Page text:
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April 09, 2020 Thursday 11:48:15 PM IST

Books for Corona Lockdown: God of Small Things Among Recommended Reads

Photo by Dariusz Sankowski

Lockdown is the perfect time to read good quality English literature. Louise D'Arcens, English Professor at Macquarie University has given her suggestion of ten books.The books show how the English language has made itself available to tell stories of different cultures and places far beyond the land of its origin. 
The ten books are:
1) 1000AD: Beawulf- It was written in old English language by an anonymous poet and it tells the story of the warrior Beowulf and his battles with otherworldly creatures. Beowulf has inspired a generation of writers. (If you like Beowulf, also try The Hobbit by JRR Tolkien.
2) 1300s Sir Gawain and The Green Knight
This is a delightful poem by an anonymous poet and a good example of medieval roman. It is focussed on Sir Gawain, a knight of King Arthur's Round Table. Sir Gawain and the Green Knight continues to be quite frequently reworked for children; there is something about Gawain’s vulnerability as a hero – his intense humanity – that makes his appeal enduring.

3) 1688: Oroonoko by Aphra Behn
Aphra is a famous women writer in English and gives readers a sense of early form of novel. It is a slave narrative, written in the early stages of England's quest to become an imperial power.
4)1749: The History of Tom Jones, A Foundling by Henry Fielding
The novel takes a picaresque form, a comic genre that follows the adventures and misadventures of typically a low-born character. Even though it was written in the 18th century, Tom Jones has a freshness to it that modern readers can continue to enjoy.
5) 1870s: Middlemarch by George Eliot
It was originally serialised in 1871-1872 before becoming a novel. Middlemarch has a big cast of characters and the different chapters pursue their stories, and then you see them all intricately interwoven with each other, so at times it is quite gossipy and you get fantastically well-drawn characters.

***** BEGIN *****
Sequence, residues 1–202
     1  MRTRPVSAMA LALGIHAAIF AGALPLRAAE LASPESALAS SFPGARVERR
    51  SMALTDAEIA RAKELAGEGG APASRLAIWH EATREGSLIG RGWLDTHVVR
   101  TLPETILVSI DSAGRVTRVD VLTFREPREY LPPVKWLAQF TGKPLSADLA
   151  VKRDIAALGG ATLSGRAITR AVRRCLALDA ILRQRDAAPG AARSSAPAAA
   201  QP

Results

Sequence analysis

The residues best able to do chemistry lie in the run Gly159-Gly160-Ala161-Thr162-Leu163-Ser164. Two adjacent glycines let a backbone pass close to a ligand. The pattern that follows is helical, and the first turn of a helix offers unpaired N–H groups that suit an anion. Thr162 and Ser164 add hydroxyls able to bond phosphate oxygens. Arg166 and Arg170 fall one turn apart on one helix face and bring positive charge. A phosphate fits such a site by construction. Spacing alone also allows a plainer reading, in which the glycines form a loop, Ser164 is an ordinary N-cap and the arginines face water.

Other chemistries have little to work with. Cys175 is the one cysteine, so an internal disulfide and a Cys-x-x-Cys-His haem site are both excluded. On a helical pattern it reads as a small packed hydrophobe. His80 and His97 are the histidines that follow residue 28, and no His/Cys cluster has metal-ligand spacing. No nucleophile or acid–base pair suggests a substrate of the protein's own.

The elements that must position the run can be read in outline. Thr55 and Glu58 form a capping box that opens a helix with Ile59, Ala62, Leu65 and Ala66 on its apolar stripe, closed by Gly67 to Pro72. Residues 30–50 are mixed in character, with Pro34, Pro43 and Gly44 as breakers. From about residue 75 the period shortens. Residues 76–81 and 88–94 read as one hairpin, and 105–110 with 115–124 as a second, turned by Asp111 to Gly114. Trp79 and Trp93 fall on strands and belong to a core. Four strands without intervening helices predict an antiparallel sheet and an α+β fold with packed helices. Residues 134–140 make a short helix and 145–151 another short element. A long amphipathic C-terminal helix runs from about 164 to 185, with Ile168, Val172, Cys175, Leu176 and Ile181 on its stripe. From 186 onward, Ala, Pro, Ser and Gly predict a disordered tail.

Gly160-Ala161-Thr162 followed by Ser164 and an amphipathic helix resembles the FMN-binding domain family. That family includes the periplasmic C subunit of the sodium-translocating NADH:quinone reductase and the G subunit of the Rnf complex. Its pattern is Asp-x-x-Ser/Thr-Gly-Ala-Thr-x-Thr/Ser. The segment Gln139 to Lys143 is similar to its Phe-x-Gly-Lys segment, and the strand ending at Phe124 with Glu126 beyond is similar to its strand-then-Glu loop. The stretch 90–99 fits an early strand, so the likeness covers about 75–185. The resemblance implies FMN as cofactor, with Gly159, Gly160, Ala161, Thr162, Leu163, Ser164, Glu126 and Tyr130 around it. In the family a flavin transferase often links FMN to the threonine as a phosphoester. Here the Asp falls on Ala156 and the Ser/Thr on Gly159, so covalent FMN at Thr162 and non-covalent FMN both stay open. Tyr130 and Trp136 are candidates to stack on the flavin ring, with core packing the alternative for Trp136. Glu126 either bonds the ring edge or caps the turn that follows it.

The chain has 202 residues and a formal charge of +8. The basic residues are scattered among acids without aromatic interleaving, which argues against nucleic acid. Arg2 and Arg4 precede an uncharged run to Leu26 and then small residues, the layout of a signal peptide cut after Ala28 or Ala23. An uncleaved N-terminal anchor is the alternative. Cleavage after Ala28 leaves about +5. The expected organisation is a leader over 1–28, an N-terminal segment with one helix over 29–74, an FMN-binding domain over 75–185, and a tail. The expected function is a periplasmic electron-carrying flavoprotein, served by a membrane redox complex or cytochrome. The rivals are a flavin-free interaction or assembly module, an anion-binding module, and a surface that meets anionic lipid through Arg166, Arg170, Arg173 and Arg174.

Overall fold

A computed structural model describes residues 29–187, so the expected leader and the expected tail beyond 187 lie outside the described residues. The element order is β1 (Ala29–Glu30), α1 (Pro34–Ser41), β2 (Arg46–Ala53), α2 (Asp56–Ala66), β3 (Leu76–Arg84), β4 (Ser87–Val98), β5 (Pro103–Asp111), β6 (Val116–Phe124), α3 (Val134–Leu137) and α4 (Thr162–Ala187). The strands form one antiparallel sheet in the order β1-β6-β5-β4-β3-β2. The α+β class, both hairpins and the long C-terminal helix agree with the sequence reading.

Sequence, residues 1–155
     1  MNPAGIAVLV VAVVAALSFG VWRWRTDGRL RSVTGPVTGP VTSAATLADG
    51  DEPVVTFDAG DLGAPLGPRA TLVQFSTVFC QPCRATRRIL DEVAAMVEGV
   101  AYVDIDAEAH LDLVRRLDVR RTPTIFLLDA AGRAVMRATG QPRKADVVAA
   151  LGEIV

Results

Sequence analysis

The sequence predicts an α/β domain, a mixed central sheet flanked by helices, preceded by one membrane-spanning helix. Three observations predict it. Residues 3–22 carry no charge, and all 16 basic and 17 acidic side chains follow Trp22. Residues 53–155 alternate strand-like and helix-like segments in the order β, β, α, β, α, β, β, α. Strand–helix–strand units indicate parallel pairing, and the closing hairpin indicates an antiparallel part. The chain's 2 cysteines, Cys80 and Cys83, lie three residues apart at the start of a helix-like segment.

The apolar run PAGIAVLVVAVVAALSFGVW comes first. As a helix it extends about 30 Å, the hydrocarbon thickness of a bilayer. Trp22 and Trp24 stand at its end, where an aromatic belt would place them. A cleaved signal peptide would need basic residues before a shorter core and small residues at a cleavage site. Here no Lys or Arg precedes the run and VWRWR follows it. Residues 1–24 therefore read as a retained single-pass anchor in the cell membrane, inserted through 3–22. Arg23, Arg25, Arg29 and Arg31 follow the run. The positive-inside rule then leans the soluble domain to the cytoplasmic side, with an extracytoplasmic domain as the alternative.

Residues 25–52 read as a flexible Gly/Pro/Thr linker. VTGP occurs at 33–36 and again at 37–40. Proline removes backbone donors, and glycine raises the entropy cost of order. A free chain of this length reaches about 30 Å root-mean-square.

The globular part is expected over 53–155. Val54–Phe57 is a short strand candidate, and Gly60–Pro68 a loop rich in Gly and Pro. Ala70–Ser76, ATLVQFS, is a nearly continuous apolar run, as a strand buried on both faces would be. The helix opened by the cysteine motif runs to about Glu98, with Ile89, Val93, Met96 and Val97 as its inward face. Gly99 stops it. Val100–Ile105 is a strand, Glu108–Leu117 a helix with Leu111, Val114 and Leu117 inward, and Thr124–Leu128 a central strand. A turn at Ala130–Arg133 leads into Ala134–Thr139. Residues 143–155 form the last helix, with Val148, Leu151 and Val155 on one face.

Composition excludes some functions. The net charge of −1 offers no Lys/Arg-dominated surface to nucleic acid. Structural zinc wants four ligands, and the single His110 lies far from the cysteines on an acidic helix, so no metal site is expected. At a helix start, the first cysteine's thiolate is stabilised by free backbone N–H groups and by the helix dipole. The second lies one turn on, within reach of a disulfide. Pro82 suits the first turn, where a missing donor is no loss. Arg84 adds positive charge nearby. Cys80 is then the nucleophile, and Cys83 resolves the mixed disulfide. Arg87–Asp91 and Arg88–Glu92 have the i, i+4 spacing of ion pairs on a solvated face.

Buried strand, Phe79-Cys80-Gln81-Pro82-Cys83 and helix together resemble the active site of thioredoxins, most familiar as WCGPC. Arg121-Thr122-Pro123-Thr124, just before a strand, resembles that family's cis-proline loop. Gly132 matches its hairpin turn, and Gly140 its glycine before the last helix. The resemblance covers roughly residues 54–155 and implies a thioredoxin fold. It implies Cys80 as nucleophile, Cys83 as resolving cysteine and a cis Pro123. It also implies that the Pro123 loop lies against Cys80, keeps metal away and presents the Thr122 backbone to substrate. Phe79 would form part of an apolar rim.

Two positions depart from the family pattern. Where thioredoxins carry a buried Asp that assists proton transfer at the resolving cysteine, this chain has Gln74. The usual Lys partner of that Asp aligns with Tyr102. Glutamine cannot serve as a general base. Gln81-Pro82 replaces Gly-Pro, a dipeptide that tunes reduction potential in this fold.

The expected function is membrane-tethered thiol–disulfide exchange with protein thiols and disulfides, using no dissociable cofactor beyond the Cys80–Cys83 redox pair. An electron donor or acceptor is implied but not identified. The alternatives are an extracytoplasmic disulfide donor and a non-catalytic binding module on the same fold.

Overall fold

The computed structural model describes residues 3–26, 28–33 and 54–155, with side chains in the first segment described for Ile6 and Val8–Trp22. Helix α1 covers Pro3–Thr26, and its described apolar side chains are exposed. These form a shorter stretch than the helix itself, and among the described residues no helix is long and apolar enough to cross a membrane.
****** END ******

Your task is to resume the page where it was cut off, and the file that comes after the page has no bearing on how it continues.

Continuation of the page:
6)1905: House of Mirth by Edith Wharton tells the story of a clever and complex women Lily Bart. It is implicitly feminist in the way in which it shows us how a woman's security is tied up in finding a relationship that can support her.
7) 1937: Their Eyes Were Watching God
It is about a woman called Janie Crawford whose family has a recent slave history and portrays the complex struggle for self-realisation.
8)1980's An Angel at My Table by Janet Frame
This is by the New Zealand author Janet Frame and part of her three series autobiography. It traces the poverty of her family in rural New Zealand and suffered mental illness and how she became a writer.
9) 1997: The God of Small Things by Arundhati Roy
It is captivating, intergenerational family sag set in Kerala, South India. It gives us a sweeping arc from the late 1960s to the 1990s, following fraternal twins Estha and Rahel through their early life into adulthood, and encompassing history, politics and a love story across the castes.It is an incredibly rich rendering of the social and physical environment of southern India, and an example of how English literature opens itself up to all these different lives in different English-speaking communities. Indian writers have a long tradition of long-form storytelling, and The God of Small Things exemplified what a number of Indian writers have been doing in English, which is, giving us a really big canvas of history and politics, but capturing it through the complexity and intimacy of a family. 
10) 2010: That Deadman Dance by Kim Scott
Set in Western Australia in the early 19th century, the Miles Franklin Award-winning That Deadman Dance is a colonial encounter novel, looking back at a moment in Australia where things almost looked like they could go differently from how they went.
The protagonist is an indigenous boy called Bobby Wabalanginy, a mediator figure who is a link between his own Noongar community and the white newcomers with whom he is fascinated and forges quite positive – although not equal – relations.
The newcomers become quite dependent on Bobby and the Noongar, and the novel follows the mounting tensions between the colonisers and the indigenous people and how Bobby is ultimately placed in a difficult position between the communities.
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